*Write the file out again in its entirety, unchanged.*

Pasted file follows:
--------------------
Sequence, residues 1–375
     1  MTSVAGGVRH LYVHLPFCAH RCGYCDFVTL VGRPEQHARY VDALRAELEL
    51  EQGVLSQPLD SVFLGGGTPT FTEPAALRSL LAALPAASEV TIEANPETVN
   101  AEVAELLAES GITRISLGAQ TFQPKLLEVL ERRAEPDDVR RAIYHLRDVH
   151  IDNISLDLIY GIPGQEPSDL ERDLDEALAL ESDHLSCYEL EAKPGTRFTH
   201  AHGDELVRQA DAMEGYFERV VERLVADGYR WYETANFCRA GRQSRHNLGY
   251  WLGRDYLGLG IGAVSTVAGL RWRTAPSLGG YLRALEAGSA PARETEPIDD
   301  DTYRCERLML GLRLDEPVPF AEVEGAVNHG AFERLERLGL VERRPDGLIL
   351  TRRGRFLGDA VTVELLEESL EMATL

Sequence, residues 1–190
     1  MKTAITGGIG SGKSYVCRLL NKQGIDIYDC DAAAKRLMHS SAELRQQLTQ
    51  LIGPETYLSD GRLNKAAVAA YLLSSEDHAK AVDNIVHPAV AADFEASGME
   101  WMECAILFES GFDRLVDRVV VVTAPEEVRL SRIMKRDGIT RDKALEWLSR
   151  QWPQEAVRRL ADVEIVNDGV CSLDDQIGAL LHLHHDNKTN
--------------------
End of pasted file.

Sequence, residues 1–375
     1  MTSVAGGVRH LYVHLPFCAH RCGYCDFVTL VGRPEQHARY VDALRAELEL
    51  EQGVLSQPLD SVFLGGGTPT FTEPAALRSL LAALPAASEV TIEANPETVN
   101  AEVAELLAES GITRISLGAQ TFQPKLLEVL ERRAEPDDVR RAIYHLRDVH
   151  IDNISLDLIY GIPGQEPSDL ERDLDEALAL ESDHLSCYEL EAKPGTRFTH
   201  AHGDELVRQA DAMEGYFERV VERLVADGYR WYETANFCRA GRQSRHNLGY
   251  WLGRDYLGLG IGAVSTVAGL RWRTAPSLGG YLRALEAGSA PARETEPIDD
   301  DTYRCERLML GLRLDEPVPF AEVEGAVNHG AFERLERLGL VERRPDGLIL
   351  TRRGRFLGDA VTVELLEESL EMATL

Sequence, residues 1–190
     1  MKTAITGGIG SGKSYVCRLL NKQGIDIYDC DAAAKRLMHS SAELRQQLTQ
    51  LIGPETYLSD GRLNKAAVAA YLLSSEDHAK AVDNIVHPAV AADFEASGME
   101  WMECAILFES GFDRLVDRVV VVTAPEEVRL SRIMKRDGIT RDKALEWLSR
   151  QWPQEAVRRL ADVEIVNDGV CSLDDQIGAL LHLHHDNKTN